In our Latin shorthand, we think of this as constituting the Verba Domini as 'consecratory', and this is a very sensible way of thinking and talking (the Church of England adopted the same principle in 1662). It is an extremely ancient view, quite possibly going back to when Christians first started to think logically about such matters. Notoriously, it is given vivid expression in the Byzantine East by S John Chrysostom (c347-407); in Syria, Severus (should I call him Saint?) 'monophysite' Patriarch of Antioch (c465-538), shared it (Dom Gregory Dix was dead chuffed to discover this fact in one of Severus's Letters); and it is found in the Slavic East as late as the first edition of the Orthodox Confession (1638) of Peter Mogila, Metropolitan (should I say Patriarch?) of Kiev (1596-1646). 

It is true that 'the Great Church of Constantinople', replying in 1896 to overtures of unity from Leo XIII, alleged that "The One, Holy, Catholic, and Apostolic Church of the Seven Ecumenical Councils used to receive [the teaching that] the precious gifts are hallowed after the Epiclesis of the Holy Spirit by the blessing of the priest", apparently thereby implying that the Church and Rite of Rome did not exist in the centuries between Nicaea I and Nicaea II in 787. But this only proves that we Latins are not the only ones who quite often say and do extremely foolish things. Happily, a few years ago a writer in the theological journal of the Moscow Patriarchate declared himself content with the Roman Canon.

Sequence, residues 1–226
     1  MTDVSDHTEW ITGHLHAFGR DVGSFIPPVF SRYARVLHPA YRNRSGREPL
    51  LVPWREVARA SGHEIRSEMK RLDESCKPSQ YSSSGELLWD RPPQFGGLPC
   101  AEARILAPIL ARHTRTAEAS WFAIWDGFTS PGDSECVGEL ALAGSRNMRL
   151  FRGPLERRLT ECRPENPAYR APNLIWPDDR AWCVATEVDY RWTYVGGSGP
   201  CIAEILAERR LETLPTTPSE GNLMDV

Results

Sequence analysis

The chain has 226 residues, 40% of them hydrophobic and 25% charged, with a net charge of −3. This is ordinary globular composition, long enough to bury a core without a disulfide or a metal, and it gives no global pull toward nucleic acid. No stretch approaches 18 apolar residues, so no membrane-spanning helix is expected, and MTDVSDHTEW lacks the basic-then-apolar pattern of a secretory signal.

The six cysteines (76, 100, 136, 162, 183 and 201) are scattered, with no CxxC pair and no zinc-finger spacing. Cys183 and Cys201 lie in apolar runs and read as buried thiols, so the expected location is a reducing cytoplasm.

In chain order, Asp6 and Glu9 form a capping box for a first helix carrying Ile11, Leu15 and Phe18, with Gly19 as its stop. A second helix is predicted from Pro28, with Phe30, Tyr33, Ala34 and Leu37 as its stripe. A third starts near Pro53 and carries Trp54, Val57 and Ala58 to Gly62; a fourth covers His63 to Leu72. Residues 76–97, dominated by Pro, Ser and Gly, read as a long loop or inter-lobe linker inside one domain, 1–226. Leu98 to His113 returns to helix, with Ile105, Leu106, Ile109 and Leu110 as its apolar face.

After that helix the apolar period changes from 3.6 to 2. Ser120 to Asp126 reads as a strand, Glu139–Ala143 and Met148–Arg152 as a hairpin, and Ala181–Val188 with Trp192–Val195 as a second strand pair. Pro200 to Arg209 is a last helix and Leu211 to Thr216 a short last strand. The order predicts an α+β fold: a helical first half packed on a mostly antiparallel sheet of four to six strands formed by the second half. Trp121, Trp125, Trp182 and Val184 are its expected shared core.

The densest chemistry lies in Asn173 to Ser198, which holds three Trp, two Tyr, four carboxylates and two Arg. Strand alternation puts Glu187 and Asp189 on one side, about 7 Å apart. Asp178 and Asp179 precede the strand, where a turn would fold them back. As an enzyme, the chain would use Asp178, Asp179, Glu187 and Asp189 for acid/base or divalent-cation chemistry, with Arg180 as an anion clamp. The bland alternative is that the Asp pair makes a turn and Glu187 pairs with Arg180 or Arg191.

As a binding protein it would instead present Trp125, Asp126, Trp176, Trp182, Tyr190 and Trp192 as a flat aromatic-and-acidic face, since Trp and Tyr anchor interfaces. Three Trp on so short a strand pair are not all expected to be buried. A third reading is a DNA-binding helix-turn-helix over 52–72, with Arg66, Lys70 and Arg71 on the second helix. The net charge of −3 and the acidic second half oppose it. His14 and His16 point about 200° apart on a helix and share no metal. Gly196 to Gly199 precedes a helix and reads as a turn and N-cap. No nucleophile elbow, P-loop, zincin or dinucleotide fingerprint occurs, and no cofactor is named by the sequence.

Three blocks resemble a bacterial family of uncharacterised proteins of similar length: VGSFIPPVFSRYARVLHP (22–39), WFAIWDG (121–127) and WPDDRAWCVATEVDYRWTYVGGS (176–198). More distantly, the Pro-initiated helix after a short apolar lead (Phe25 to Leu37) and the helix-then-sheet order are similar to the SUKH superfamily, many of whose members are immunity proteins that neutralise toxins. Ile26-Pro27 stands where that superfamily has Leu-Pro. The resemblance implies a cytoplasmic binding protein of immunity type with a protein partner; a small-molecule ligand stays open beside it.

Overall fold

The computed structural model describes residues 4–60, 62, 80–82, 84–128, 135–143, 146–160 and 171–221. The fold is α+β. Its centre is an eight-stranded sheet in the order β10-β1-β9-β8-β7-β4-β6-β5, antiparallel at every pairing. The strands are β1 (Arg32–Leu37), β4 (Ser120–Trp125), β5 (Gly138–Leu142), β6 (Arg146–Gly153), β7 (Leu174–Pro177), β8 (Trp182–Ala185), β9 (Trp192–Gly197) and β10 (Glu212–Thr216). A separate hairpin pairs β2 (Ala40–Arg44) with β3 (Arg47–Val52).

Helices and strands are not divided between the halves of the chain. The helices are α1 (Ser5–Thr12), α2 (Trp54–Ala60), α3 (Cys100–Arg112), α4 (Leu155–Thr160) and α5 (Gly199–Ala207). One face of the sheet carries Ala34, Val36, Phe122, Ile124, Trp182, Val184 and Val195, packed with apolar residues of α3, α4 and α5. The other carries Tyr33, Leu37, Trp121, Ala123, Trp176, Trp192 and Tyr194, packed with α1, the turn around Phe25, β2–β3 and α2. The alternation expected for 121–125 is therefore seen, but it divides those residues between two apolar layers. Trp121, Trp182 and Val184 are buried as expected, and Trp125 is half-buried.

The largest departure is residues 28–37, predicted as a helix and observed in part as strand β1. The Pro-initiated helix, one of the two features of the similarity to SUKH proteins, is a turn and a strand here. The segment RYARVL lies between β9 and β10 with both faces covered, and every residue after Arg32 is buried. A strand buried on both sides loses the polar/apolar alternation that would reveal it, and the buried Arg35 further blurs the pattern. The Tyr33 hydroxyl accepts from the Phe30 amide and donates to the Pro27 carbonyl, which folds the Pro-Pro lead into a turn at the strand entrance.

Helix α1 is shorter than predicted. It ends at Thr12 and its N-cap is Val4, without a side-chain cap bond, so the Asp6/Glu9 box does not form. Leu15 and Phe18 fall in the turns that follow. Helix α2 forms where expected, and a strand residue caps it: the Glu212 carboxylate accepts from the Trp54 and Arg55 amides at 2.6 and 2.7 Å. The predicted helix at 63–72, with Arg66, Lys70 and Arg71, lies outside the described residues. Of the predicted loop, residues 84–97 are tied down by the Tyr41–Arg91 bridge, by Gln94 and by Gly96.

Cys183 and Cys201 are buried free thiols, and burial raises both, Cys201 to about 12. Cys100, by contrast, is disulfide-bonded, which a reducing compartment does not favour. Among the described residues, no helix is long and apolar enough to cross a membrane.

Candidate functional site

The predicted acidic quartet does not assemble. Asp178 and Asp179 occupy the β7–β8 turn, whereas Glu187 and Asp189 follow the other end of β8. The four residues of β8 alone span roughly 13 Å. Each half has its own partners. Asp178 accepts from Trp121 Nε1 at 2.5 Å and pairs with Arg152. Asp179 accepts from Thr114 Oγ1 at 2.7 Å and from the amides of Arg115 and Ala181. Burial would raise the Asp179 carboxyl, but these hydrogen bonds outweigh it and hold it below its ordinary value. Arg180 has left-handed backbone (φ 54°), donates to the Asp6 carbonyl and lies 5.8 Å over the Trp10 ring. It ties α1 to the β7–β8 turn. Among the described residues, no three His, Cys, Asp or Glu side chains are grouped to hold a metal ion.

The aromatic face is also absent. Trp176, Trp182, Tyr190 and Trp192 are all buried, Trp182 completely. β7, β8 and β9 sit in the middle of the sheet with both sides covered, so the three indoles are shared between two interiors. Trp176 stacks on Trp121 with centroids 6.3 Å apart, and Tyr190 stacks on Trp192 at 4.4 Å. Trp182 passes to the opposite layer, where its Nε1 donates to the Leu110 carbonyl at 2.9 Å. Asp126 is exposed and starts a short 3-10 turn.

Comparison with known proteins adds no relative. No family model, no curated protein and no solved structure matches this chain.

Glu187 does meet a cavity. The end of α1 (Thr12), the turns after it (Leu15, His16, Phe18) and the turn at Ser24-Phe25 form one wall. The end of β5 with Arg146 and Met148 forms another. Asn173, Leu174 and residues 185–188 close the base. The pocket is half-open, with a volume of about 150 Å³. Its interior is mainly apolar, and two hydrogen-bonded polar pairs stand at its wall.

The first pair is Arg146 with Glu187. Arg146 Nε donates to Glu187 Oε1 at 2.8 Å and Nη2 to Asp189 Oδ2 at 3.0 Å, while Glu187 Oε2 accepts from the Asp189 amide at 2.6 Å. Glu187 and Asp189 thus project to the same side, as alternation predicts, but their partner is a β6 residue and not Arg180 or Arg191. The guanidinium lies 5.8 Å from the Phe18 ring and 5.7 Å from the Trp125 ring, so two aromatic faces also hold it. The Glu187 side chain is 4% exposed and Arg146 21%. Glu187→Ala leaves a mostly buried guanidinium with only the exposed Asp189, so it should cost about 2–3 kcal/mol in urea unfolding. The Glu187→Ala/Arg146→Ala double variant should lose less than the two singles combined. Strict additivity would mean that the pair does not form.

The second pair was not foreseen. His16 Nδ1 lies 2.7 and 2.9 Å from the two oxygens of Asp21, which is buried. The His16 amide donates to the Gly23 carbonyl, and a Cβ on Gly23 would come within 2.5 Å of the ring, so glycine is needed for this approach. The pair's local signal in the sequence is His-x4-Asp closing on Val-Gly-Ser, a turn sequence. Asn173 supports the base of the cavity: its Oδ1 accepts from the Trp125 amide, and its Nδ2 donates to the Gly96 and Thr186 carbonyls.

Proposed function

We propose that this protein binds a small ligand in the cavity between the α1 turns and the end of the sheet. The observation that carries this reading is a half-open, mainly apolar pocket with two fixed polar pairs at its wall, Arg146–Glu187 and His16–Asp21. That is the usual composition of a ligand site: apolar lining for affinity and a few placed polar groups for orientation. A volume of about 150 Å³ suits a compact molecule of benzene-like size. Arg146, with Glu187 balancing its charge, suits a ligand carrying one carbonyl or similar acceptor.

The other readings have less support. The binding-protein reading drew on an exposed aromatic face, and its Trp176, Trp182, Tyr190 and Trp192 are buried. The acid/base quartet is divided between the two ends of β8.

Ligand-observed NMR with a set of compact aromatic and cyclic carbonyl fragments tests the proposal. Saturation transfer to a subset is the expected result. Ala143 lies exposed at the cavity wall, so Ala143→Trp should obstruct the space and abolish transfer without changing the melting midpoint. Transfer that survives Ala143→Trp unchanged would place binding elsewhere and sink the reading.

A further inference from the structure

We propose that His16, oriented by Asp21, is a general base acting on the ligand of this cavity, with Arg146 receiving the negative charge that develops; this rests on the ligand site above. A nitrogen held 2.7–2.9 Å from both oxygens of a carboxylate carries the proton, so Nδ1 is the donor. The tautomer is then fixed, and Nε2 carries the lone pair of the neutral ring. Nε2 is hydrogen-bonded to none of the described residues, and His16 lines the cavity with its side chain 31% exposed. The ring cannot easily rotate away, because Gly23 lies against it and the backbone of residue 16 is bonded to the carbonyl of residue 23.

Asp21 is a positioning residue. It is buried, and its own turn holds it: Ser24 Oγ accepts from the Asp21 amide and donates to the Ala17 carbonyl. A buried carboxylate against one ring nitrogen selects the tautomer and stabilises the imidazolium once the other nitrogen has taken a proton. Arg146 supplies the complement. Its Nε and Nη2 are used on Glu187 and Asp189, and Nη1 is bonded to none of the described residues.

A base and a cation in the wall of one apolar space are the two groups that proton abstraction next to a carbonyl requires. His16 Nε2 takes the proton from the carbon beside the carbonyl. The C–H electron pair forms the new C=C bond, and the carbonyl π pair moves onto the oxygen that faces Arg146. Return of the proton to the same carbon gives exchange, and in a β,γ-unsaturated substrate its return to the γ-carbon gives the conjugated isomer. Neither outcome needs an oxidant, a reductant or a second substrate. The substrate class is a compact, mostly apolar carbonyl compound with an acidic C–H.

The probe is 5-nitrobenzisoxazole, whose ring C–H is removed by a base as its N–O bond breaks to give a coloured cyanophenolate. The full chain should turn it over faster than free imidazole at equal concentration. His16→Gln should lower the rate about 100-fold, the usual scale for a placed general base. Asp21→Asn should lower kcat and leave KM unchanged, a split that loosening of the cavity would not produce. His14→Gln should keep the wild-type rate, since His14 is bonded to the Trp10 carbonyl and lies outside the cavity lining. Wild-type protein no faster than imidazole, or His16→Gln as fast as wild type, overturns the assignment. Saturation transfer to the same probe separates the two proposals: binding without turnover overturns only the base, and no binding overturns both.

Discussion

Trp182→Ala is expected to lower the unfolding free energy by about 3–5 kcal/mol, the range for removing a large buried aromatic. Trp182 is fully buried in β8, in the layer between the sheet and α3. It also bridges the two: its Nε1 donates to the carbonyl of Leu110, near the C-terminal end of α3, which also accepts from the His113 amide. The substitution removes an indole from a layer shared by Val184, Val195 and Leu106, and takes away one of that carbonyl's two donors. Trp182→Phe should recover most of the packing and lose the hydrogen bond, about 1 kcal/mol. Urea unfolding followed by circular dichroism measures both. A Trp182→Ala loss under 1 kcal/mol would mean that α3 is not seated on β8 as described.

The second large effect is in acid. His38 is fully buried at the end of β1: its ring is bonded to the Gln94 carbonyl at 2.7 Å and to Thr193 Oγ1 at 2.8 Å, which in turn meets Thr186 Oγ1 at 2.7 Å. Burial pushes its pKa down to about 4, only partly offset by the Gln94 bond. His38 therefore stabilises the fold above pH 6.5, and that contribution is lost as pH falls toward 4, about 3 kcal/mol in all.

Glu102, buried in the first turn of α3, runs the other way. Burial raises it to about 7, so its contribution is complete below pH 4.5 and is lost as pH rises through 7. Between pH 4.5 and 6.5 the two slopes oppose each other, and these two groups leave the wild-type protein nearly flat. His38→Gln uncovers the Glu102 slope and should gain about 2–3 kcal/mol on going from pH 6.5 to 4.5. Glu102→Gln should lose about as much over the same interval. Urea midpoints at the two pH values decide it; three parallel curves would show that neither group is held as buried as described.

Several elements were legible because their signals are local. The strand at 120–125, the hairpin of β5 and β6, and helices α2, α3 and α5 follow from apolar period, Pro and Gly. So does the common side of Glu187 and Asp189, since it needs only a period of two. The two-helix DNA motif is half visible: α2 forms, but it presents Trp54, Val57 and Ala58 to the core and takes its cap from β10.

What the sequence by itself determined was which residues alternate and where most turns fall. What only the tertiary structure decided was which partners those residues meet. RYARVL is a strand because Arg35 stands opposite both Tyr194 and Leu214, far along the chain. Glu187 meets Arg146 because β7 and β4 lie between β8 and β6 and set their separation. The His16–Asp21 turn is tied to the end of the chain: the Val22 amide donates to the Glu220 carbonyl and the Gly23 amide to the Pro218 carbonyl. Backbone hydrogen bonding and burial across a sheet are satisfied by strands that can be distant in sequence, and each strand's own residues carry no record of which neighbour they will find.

It is a shame that the dominant school among the fashionable intellectuals of the Western Church in the 1960s did not share this contentedness.
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*I think the English 'Reformers', with their Tudor legalese, would have used the term 'warrant'.



9 comments:

Joshua said...

Given your cogent argument for the Roman Mass being defined by the use of the Roman Canon, would you also assert that the following options ought be used to maintain the Roman liturgy?

(1) Initially, Dominus vobiscum (or Pax vobis, if a bishop), rather than the untraditional other salutations;

(2) The Confiteor, rather than the other two forms of the Penitential Act;

(3) The recitation sotto voce of the berakoth during the Offertory, as they are flagrantly untraditional;